The drama takes place in the same universe as his previous work
Chris Carter helped change television when he created The X-Files in the 1990s, and while that success led to projects like Millenium and the The Lone Gunmen he’s otherwise stayed away from TV since the series wrapped in 2002. In fact, aside from a second Mulder and Scully film in 2008, Carter has largely been off the radar altogether.
That changed last week when Amazon Studios released its latest round of original pilots, which included Carter’s return to the medium. The After follows a group of strangers who find themselves thrown together in a swirl of mystery and coincidence during what appears to be the apocalypse — but as one would expect, nothing is quite as it seems. We spoke with the writer-director about his break from TV, what it’s like working with Amazon’s crowdsourced feedback model, and why some elements of The After might look very familiar to fans of his earlier work.
How does it feel to have a new show out there for people to dig into?
It’s kinda strange. And I have to say, doing this thing with Amazon, and the way they’re doing it — which is strange — is kind of fascinating at the same time.
What aspect of the process was so intriguing?
It’s a true, I’ll call it market survey, of your audience. And it’s like Gladiator. People give it a thumbs up or a thumbs down, and it will live or die on people’s reactions.
Have you been paying attention to those online reactions thus far?
No, I haven’t. I have to admit, I don’t want to look at what people are saying right now.
Why’s that? In the past you’ve mentioned that you often read reviews of your work.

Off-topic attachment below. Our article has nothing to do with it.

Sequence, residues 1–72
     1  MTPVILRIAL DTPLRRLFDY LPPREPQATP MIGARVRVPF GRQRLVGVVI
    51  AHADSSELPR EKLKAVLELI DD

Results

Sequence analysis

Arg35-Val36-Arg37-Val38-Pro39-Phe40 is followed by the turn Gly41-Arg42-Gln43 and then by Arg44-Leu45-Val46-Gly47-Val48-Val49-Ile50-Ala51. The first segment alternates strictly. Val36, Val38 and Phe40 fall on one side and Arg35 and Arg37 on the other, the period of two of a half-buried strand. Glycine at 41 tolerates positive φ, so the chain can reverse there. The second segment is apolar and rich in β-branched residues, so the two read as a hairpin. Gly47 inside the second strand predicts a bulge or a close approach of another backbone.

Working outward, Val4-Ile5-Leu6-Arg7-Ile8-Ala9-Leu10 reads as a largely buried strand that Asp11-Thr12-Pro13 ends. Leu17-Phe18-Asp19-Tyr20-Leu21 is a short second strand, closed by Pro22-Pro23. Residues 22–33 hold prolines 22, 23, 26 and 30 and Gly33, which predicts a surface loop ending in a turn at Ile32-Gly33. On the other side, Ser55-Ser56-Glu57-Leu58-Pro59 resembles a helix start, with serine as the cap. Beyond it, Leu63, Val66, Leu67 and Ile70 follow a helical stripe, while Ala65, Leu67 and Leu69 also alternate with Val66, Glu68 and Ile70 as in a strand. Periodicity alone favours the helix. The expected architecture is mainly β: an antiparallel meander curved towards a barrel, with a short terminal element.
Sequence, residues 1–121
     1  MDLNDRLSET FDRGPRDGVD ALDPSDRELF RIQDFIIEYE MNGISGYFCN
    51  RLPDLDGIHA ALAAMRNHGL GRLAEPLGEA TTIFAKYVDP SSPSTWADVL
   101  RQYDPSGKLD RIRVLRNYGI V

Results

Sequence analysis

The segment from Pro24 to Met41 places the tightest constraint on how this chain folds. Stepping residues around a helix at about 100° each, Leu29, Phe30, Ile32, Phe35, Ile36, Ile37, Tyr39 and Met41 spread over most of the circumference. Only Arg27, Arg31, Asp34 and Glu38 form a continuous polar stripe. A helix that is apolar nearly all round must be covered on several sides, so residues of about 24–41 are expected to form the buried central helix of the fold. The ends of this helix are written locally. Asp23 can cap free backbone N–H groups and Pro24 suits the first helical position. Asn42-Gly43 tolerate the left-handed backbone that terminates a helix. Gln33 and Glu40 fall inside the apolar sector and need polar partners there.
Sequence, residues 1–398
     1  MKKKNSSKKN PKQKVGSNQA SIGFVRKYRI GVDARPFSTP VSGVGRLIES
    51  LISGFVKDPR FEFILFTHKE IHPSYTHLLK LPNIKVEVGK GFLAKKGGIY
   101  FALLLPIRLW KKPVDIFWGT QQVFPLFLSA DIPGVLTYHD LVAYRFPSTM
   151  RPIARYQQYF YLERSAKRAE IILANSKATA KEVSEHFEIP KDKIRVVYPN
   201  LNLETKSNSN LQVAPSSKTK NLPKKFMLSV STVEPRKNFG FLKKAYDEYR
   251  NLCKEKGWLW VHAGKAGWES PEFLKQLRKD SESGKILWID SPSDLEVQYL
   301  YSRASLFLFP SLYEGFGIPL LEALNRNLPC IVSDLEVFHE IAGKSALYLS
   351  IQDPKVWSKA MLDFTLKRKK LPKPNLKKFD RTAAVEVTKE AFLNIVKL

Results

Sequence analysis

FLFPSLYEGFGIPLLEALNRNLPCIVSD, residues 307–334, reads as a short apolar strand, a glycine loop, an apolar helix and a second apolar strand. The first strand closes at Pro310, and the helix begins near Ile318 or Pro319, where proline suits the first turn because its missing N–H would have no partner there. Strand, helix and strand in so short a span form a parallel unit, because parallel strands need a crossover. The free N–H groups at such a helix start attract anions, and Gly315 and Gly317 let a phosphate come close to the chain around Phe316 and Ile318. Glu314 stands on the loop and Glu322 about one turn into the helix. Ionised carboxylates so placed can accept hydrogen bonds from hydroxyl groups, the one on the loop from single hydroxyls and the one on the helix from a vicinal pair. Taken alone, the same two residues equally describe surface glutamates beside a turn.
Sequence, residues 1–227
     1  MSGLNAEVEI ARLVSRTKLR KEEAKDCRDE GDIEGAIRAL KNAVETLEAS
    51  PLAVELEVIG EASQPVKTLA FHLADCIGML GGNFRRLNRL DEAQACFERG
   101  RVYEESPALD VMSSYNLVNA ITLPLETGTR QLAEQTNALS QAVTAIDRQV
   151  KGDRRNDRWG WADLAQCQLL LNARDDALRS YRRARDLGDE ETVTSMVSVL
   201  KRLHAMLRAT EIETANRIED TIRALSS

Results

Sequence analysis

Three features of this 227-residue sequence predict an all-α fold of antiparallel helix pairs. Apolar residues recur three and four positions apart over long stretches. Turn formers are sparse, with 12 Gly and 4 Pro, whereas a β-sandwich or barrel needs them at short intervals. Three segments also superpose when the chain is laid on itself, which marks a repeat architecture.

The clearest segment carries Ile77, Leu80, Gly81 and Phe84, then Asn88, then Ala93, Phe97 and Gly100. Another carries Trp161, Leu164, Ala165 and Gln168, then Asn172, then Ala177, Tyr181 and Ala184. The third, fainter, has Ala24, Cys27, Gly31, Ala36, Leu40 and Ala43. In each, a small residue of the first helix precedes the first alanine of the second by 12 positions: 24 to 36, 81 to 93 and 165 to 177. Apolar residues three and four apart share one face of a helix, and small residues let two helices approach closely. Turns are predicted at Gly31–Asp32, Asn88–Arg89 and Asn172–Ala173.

Yeah, well, it’s changed though. I think now, as the internet has "matured"… I would say that there has been a lot of immaturity on the internet. [laughs]
So let’s talk about the show itself: what was the initial inspiration for The After?
It comes from a couple things. One is my deadly fear of being trapped in a parking garage when there’s an earthquake in Los Angeles. … But then I’ve been involved in a couple situations. One was a terrible hurricane in Hawaii, and the other one was a situation in Los Angeles where the freeways got completely gridlocked for the better part of a day. That kind of gave me the idea that things can turn from good to bad in an instant.
There’s a tattoo featured in the show that looks awfully similar to a logo used in Millennium. Does The After take place in the same universe as your other shows?
I’d say the same universe for sure — and that choosing that symbol is not an accident. It’s called the Ouroboros, and what I’d call its religious, literary, and other significances will come into play.
You’ve been prolific over the course of your career, but post-X-Files it seems like you took a very deliberate break from TV. Why the sabbatical?
There were a lot of things I wanted to do. I was 45 years old, so I still had a sliver of my youth left. I went and did a lot of physical things. Television was changing in 2002. Reality TV had kind of taken the forefront in the hour format, and so I thought it was a good chance and time to sit back and sit out, and I just took a little longer than I anticipated.
You mention that TV was changing at the time, but a lot of the ideas that The X-Files introduced have become cornerstones of the current crop of TV. Serialized storytelling, for example, was a big part of the show’s mythology. Why do you think audiences respond to that?
Well, it’s funny that it worked for us on network television, which isn’t the perfect place for it, because things come out episodically every week. The perfect place for it now is really cable and / or what Amazon is doing, which is being able to binge-watch something, watch something consecutively, and not have to wait. So it’s perfect for the kind of saga storytelling that the so-called mythology approach lends to.
Is there also a sense of greater creative freedom when working with a streaming service?